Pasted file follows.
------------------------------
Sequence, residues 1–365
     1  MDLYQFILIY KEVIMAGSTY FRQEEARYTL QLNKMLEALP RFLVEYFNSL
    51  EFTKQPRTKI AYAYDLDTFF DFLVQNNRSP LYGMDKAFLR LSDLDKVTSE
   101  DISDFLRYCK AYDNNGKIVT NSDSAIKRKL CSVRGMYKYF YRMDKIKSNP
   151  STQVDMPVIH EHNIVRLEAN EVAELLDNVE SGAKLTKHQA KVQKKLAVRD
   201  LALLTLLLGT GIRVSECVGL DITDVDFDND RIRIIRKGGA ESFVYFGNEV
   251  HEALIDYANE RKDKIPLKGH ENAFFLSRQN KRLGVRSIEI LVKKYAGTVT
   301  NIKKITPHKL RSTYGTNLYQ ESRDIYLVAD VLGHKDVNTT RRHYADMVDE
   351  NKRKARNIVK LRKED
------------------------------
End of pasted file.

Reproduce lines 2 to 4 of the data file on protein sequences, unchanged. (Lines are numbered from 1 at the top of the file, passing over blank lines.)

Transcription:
     1  MDLYQFILIY KEVIMAGSTY FRQEEARYTL QLNKMLEALP RFLVEYFNSL
    51  EFTKQPRTKI AYAYDLDTFF DFLVQNNRSP LYGMDKAFLR LSDLDKVTSE
   101  DISDFLRYCK AYDNNGKIVT NSDSAIKRKL CSVRGMYKYF YRMDKIKSNP